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Posted at 06:04 PM ET, 03/16/2011

Frank Hassell’s crooked back


(Nick Wass - AP)
Earlier, I wrote about the mustache of Old Dominion coach Blaine Taylor. Turns out that’s not the only notable feature in the Monarchs’ locker room. There’s also Frank Hassell’s back.

“It has its good days and its bad days,” Nick Wright told me, before bursting into hysterics.

What does that mean, I asked.

“It has its highs and its lows,” he said, and started laughing again.

“We have like 10, 20 different names for Frank’s back,” Josh Hicks told me.

I mean, I’ve done far too many items to count on basketball nicknames, but I’ve never done an item on nicknames for a back.

“Oh yeah, Fatback, Bigback...” Trian Iliadis explained. “Anything that has back in it and describes something huge, then yeah, that’s Frank’s back.”

So here’s the story. Hassell — who averages a team-best 15 points and 9.6 rebounds a game — has a large back. He’s 6-foot-9 and 260 pounds, after all. He also has Scoliosis, a curving of the spine. Which means that teammates make fun of Hassell not only for having broad shoulders.

“You ever seen the Leaning Tower of Pisa?” Richard Ross asked me. “There you go. There you go. Just like a bent staple. You ever seen a staple come out crooked and it’s bent?”

“He runs like a little pregnant woman,” Dimitri Batten said.

“He kind of walks with, I don’t know if you’d call it a hunch or whatever,” Iliadis attempted. “Kind of keeps his arms to the left. I don’t know how to explain it. He’s got a crooked back, I guess.”

“He has a little bit of a twist to him,” agreed Taylor, the coach. “My kids have a pretty good sense of humor. They give each other crap: little legs, big heads.”

As for the actual Scoliosis, it apparently doesn’t impact Hassell’s game. He gets seen by a chiropractor, but so do plenty of his teammates. Sometimes it gets sore, but he’s still the team’s hardest worker.

“It gets tight here and there, but I just stretch it out,” Hassell told me. “It’s sore sometimes, hurts sometimes, sometimes it feels good, just like other peoples’ knees or ankles.”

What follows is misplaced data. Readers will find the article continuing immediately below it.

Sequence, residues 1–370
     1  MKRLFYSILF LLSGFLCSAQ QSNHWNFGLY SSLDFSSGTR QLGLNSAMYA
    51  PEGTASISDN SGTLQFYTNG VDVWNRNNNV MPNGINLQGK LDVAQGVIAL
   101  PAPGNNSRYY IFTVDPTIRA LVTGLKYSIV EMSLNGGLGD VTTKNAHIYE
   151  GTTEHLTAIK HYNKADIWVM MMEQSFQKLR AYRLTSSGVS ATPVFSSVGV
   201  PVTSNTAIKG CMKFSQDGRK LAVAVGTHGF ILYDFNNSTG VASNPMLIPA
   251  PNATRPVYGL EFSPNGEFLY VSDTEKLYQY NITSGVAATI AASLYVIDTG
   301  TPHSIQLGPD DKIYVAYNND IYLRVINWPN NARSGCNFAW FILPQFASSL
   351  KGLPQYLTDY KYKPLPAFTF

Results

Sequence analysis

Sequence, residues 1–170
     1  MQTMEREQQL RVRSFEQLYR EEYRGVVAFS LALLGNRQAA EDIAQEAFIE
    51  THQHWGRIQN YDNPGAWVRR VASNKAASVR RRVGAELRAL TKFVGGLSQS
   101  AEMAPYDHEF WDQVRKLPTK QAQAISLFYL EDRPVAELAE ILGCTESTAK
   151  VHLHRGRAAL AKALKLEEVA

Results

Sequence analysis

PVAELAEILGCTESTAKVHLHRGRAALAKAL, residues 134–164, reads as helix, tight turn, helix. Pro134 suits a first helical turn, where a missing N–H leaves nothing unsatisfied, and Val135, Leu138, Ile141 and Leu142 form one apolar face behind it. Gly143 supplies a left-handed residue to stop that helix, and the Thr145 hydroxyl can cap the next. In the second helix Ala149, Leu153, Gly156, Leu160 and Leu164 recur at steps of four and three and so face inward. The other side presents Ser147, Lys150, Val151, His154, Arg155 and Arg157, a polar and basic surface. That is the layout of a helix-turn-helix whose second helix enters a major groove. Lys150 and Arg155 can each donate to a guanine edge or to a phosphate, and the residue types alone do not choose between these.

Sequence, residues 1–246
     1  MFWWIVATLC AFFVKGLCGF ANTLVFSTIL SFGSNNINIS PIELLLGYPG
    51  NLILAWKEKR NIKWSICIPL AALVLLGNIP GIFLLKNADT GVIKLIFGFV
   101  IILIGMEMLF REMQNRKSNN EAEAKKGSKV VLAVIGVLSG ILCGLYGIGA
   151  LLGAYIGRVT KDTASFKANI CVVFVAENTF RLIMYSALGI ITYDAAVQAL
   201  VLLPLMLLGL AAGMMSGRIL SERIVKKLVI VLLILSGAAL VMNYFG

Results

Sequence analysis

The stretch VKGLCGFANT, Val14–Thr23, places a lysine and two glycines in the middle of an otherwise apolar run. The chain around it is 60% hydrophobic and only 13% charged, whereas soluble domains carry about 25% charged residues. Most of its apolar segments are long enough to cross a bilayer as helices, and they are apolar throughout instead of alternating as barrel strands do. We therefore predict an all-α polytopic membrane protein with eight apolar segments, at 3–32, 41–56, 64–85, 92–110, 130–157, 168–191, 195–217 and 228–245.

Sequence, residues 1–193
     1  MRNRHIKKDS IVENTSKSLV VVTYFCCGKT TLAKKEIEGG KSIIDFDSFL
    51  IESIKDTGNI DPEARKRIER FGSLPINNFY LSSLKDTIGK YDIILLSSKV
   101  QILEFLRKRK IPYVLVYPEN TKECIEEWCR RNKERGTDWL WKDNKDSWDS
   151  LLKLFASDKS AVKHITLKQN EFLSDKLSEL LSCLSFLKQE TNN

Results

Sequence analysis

He found out about the Scoliosis when he was 17, but said it didn’t really alter his game. Taylor, meantime, said that Hassell entered ODU with “big, broad shoulders” and “nice-sized hips,” and just needed to trim the baby fat and add muscle. And once he did, apparently, his teammates began making fun of his back’s immense size.

“It’s fairly large and wide and large, little on the crooked side,” Wright said.

“Huge,” Kent Bazemore said. “Planes can take off and land on it, stuff like that.”

“You could pretty much fit two of anybody on the team on his back,” Iliadis said. “It’s good, because we’ve been on his back for the last few games, and he’s been carrying us.”

“Some people say his back is like a JumboTron,” Ross said. “The other day one of our coaches called him USS Hassell, because he looks like a big boat.”

Hassell was probably more interested in talking basketball than backs. He told several media members that this season would have been a failure without an NCAA tournament berth, and that they expect to win multiple games, and that they think they could play with any team in the country.

“That’s why we’re in the tournament,” he said. “If you’re a team in the tournament and you don’t feel like you can play against anybody in the country, you shouldn’t be here.”

Still, he isn’t averse to playing the back game. Like, I asked him to describe the Blaine Taylor mustache.

“Big,” he said. “Like my back.”

By  |  06:04 PM ET, 03/16/2011

Categories:  College Basketball

 
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